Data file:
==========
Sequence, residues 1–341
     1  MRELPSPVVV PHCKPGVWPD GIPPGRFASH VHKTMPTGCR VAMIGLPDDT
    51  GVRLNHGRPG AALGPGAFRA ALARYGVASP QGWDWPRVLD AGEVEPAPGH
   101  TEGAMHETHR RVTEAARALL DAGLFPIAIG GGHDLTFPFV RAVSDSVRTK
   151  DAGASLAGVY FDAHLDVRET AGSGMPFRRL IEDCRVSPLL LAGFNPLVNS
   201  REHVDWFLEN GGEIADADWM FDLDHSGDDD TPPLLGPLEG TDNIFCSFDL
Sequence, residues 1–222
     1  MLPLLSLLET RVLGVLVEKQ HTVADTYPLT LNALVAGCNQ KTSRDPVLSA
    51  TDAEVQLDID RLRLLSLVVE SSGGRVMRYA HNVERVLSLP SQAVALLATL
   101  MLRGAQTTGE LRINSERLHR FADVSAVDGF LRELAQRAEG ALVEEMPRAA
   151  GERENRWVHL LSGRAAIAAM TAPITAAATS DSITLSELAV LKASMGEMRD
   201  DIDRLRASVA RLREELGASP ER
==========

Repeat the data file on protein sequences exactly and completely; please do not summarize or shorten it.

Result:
Sequence, residues 1–341
     1  MRELPSPVVV PHCKPGVWPD GIPPGRFASH VHKTMPTGCR VAMIGLPDDT
    51  GVRLNHGRPG AALGPGAFRA ALARYGVASP QGWDWPRVLD AGEVEPAPGH
   101  TEGAMHETHR RVTEAARALL DAGLFPIAIG GGHDLTFPFV RAVSDSVRTK
   151  DAGASLAGVY FDAHLDVRET AGSGMPFRRL IEDCRVSPLL LAGFNPLVNS
   201  REHVDWFLEN GGEIADADWM FDLDHSGDDD TPPLLGPLEG TDNIFCSFDL
Sequence, residues 1–222
     1  MLPLLSLLET RVLGVLVEKQ HTVADTYPLT LNALVAGCNQ KTSRDPVLSA
    51  TDAEVQLDID RLRLLSLVVE SSGGRVMRYA HNVERVLSLP SQAVALLATL
   101  MLRGAQTTGE LRINSERLHR FADVSAVDGF LRELAQRAEG ALVEEMPRAA
   151  GERENRWVHL LSGRAAIAAM TAPITAAATS DSITLSELAV LKASMGEMRD
   201  DIDRLRASVA RLREELGASP ER